Even so, Trump is too much of a buffoon and will probably, though not certainly, lose. (His poor choice of slogan, which the Democrats turned into him repudiating American exceptionalism isn’t helping.) He appears to be on a self-destructive path at present, though we still have 100 days to go. The Democrats crafted their convention superbly and stole classic Republican memes for themselves, combined with their own classic memes and a progressive platform to bring in the Sanders supporters — another “screw the establishment” group.
What if Trump weren’t an idiot?
The disturbing question I am asking is, “What if Trump were better at this?” I believe Trump stumbled into this movement mostly by accident. He has limited self-control, and he felt he could say whatever he wanted on the campaign trail. He said many things which in the past would have been viewed as sure campaign suicide. That Mexicans were rapists and a wall is needed. That Muslims should be banned. The list is very long. He discovered that many of these things ended up getting him more support rather than less, thanks to the movement he discovered. He remarked on how surprising this was, observing how he felt that he could “shoot somebody on 5th avenue” and get away with it. But he is not a genius, he was discovering these things to some degree by luck, and over time he’s said things that cost him support, particularly recently. He may be feeling that any far-out thing he says will find some segment that likes it, and has been waiting to hear it, and that they will join him. He’s wrong.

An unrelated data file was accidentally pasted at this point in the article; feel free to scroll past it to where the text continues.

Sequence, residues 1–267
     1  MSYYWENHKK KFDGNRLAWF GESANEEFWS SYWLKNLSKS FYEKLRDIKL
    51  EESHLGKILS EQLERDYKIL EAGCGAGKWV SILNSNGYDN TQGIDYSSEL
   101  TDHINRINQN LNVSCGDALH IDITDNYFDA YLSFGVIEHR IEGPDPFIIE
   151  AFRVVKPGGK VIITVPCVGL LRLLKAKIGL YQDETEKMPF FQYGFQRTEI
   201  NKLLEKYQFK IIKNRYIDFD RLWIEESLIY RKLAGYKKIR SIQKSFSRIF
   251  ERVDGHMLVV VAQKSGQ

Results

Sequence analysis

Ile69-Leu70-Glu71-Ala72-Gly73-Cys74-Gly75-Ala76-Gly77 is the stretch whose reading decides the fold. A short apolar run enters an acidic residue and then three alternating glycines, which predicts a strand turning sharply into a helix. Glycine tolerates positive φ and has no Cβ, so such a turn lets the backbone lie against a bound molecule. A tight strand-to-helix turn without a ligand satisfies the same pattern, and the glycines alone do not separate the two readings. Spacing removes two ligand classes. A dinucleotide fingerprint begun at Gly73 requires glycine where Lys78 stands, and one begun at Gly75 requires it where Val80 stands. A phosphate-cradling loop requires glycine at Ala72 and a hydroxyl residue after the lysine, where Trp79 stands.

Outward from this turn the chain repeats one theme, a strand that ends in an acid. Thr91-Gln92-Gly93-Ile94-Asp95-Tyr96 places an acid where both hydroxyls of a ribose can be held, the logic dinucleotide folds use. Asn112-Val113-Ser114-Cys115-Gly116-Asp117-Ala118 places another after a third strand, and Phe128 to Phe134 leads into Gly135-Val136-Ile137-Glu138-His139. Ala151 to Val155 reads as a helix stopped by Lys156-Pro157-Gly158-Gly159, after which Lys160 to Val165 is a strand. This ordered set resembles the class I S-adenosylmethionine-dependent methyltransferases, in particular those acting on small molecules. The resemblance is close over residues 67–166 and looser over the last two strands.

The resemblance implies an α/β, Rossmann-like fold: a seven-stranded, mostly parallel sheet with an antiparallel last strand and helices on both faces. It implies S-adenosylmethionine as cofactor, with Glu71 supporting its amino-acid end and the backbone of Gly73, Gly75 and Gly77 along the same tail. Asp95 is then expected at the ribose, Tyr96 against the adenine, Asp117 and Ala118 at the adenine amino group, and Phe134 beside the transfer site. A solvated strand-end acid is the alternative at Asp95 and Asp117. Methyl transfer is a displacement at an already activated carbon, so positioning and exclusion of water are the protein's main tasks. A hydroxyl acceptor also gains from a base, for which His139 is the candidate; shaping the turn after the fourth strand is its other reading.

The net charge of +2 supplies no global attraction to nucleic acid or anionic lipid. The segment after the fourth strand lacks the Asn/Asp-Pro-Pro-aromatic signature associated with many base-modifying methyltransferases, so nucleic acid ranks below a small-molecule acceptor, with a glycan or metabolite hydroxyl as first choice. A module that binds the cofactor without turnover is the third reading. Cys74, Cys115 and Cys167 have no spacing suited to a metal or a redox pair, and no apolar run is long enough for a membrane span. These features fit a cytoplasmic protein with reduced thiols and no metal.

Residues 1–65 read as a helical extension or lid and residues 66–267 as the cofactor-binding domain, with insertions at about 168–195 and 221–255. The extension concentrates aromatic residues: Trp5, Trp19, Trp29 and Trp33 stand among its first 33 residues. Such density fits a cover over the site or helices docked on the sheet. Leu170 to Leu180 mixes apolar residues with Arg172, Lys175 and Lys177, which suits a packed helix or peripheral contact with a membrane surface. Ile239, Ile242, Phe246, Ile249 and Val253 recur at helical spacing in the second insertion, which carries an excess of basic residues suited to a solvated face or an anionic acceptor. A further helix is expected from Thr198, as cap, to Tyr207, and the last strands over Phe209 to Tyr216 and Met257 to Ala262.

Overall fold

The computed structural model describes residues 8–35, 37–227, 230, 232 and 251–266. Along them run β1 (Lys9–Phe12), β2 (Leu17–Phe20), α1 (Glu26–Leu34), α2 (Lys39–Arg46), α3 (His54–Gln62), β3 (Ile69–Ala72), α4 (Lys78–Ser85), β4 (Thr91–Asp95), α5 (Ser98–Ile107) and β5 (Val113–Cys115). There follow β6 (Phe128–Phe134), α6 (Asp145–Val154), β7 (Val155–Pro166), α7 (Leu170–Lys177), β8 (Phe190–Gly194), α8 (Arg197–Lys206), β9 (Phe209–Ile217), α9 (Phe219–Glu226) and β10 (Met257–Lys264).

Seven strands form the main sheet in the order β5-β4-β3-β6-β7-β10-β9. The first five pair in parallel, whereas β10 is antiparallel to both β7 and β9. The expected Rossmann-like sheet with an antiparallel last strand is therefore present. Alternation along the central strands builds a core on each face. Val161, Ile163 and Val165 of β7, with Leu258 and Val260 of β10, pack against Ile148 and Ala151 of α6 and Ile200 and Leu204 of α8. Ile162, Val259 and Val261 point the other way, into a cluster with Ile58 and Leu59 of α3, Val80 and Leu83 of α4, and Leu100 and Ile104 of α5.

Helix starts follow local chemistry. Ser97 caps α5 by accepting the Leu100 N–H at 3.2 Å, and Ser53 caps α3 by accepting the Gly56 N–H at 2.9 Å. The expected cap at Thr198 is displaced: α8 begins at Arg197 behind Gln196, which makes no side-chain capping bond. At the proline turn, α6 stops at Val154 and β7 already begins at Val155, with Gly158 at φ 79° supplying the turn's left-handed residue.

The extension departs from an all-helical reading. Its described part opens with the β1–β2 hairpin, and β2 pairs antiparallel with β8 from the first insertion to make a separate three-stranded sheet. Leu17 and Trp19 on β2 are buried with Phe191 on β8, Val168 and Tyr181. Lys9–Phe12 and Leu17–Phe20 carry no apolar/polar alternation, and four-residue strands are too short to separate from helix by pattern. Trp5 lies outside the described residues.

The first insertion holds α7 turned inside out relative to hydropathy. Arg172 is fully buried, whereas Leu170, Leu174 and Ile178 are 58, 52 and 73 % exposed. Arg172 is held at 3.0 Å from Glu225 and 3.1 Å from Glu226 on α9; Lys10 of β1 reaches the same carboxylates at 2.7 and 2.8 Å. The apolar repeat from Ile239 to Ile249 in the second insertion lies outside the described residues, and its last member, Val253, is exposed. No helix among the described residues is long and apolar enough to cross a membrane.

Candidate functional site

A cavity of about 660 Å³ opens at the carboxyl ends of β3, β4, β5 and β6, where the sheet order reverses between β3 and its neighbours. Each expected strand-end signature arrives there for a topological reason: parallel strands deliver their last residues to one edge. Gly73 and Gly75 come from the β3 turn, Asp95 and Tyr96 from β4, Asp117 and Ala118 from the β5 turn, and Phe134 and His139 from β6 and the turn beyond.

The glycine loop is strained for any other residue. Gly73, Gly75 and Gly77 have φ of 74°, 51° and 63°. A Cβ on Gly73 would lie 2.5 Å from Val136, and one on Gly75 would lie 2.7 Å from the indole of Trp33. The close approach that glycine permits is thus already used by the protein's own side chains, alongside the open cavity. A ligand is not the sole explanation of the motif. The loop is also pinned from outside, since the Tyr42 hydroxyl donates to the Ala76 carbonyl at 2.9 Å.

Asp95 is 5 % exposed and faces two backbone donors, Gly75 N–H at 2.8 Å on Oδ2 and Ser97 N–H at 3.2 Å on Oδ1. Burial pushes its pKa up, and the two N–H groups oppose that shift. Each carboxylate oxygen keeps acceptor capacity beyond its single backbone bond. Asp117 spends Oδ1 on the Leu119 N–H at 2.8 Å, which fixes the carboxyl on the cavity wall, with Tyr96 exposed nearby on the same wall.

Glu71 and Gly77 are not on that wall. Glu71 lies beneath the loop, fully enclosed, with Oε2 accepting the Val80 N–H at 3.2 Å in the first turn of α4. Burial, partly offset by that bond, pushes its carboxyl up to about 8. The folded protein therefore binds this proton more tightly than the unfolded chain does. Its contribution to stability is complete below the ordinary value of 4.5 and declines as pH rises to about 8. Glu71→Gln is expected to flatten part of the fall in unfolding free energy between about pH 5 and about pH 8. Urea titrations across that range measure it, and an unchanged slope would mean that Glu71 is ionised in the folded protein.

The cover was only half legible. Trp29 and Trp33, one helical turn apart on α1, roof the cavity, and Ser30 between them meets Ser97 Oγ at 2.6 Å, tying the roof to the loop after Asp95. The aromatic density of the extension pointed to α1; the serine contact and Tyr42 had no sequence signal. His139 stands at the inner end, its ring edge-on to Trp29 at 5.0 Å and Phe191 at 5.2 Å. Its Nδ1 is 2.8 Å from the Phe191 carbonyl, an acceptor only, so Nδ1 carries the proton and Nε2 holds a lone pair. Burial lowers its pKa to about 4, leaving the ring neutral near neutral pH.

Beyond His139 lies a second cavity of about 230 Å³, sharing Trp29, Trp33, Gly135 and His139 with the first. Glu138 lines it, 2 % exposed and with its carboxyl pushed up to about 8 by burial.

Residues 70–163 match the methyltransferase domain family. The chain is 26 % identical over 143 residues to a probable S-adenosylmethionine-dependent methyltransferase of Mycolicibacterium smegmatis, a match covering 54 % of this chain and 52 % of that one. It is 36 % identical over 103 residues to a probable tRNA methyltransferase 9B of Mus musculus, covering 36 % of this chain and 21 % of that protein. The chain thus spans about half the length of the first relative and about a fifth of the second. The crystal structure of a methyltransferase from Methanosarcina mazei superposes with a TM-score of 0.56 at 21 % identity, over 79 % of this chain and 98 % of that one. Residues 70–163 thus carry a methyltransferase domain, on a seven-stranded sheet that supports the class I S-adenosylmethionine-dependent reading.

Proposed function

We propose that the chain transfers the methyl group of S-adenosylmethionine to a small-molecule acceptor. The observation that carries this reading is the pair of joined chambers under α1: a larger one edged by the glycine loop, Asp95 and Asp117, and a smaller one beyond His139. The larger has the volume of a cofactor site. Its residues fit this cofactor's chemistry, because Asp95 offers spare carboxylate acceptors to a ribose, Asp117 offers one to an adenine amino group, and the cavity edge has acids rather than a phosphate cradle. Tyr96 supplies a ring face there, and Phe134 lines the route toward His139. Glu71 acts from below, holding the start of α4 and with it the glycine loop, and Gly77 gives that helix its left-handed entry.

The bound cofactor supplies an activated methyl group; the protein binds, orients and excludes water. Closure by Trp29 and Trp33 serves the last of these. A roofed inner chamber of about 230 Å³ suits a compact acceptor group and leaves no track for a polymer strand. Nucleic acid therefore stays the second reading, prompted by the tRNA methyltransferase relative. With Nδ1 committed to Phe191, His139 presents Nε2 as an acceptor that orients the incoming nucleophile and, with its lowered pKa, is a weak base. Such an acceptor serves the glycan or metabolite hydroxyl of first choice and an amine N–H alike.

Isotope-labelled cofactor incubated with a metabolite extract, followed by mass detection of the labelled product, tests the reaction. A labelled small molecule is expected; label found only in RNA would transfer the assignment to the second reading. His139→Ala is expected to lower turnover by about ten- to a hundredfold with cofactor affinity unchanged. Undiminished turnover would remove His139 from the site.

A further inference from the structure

But what if he were smarter? What if a more calculating candidate, now that this new body of voters has been discovered, knew better what to say and what not to say? What if there were a candidate who applied advanced political techniques, testing and polling new positions, rather than just throwing pasta at the wall to see what sticks and depending on an imagined invulnerability to get away with it?
If Clinton continues her lead and wins, then this candidate is coming in 2024 or even 2020. If the trend described above that works against the incumbent party continues, that candidate will have a head start against Clinton or her Democratic successor and a strong chance at victory.